Pictured above: It's bid day! First stop: check in.
Coach Operator "shake-ups" are held four times a year to give drivers an opportunity to drive different routes and "shake up" their work routine. It's a simple concept that requires a lot of work to execute.
After reviewing all of the service that must be provided each Monday-Friday, each Saturday, and each Sunday, the work is divided into "run cards" that create the least likelihood of overtime and the fewest number of split shifts.
The run cards are printed on actual cards, detailing a group of trips a driver might drive on a given day. The cards are printed on different colors that signify whether the work listed is for driving Monday-Friday, on Saturday, or on Sunday.
To decide who gets to drive which runs, Coach Operators bid on them in order of seniority -- a process which, in the best of times, involves hundreds of people and a whole lot of work.
"I would compare it to a movie production or a play," says Transportation Assistant Manager Josh Gutierrez. "There are lots of pieces and practices, a couple of days of performances, and then it's over."
Bids are held on weekends; drivers are scheduled a specific time slot according to their seniority. During that time, they come in and review the run cards which are displayed on a wall (or a designated proxy does this for them). The driver chooses their desired work from whatever is still available and confirms their choice with an union representative. Finally, a supervisor enters the information into the software system that keeps track of it all, and the process is complete.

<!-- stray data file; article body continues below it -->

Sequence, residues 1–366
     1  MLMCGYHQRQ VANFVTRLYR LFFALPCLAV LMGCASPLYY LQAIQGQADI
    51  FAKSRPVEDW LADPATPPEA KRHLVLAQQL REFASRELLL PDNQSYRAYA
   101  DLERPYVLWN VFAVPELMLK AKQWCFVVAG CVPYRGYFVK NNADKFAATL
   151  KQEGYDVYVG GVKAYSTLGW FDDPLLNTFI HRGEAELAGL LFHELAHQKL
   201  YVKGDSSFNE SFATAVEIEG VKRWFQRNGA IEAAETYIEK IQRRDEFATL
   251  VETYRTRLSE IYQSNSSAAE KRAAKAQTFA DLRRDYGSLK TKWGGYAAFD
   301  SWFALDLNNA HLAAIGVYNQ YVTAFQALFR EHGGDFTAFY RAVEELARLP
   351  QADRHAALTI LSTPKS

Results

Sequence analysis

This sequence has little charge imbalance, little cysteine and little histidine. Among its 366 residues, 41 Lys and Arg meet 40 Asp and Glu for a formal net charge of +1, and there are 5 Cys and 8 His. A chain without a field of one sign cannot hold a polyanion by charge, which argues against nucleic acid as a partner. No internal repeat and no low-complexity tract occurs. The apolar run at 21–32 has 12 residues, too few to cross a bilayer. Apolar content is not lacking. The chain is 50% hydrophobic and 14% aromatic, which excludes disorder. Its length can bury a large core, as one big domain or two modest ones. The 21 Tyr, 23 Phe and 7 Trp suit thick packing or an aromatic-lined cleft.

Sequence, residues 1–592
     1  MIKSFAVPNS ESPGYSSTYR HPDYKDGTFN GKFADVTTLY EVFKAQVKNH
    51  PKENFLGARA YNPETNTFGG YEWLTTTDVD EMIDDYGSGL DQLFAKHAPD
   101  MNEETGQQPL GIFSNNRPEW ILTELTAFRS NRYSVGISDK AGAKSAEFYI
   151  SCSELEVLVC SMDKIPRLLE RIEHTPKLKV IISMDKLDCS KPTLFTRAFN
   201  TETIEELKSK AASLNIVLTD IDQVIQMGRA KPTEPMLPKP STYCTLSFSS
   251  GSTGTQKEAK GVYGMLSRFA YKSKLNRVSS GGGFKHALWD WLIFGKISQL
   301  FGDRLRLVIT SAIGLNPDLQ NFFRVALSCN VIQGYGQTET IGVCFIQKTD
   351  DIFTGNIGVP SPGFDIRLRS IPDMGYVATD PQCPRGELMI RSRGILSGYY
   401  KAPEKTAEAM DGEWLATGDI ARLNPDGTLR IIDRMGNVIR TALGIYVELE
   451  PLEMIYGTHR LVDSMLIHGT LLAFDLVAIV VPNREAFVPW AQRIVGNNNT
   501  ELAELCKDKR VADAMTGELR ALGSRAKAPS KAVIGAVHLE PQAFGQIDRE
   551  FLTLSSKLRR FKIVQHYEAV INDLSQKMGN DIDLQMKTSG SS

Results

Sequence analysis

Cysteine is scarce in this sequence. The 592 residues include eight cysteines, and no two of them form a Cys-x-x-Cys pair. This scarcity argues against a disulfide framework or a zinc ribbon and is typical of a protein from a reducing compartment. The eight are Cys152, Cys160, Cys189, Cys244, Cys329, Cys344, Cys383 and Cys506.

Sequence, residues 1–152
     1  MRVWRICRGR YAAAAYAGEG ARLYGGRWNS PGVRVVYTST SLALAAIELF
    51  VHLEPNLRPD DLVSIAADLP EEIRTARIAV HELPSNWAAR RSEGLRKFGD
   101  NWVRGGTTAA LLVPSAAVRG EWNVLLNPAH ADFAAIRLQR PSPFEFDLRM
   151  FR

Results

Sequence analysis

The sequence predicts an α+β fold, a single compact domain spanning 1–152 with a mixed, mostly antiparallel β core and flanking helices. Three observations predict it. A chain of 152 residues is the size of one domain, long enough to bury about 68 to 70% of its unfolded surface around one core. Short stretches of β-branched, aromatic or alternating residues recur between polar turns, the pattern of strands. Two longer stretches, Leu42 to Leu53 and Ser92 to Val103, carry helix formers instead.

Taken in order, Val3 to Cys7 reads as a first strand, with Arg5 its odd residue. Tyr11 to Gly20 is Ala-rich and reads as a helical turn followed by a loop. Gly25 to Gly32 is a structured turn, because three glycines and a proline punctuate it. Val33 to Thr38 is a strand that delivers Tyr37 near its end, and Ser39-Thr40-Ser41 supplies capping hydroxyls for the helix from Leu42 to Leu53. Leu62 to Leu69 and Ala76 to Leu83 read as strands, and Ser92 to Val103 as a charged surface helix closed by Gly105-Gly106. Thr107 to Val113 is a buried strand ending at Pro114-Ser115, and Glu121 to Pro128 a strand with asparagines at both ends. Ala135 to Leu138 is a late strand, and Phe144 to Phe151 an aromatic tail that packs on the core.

Pictured above: Board room is ready for the bid
Normally, the bid atmosphere is boisterous; coach operators come early to review available run cards, often bringing their families. The operations building is full of people downstairs waiting and chatting and eating, with people upstairs reviewing then choosing run cards.
In 2020, COVID-19 changed everything.
Bids are now held in the administration building, with run cards taped to the wall of the board room. Families do not accompany the operators, and only five operators are allowed in the room at a time. One door is designated as entrance-only and one as exit-only, to maintain a one-way flow of traffic.
"It's a lot quieter now," says Josh.
An unusual extra bid was held in June to determine work for the current schedule, which provides about 80% of pre-COVID service. The most recent bid was held Aug. 15-16, in advance of the September service change and shake-up, which will bring service to about 85% of pre-COVID levels.
It's a complicated process that ensures efficient staffing, and Coach Operators appreciate the opportunity to change their routines and meet new customers.
"It takes good communication and lots of collaboration," says Josh. "A good team makes all the difference."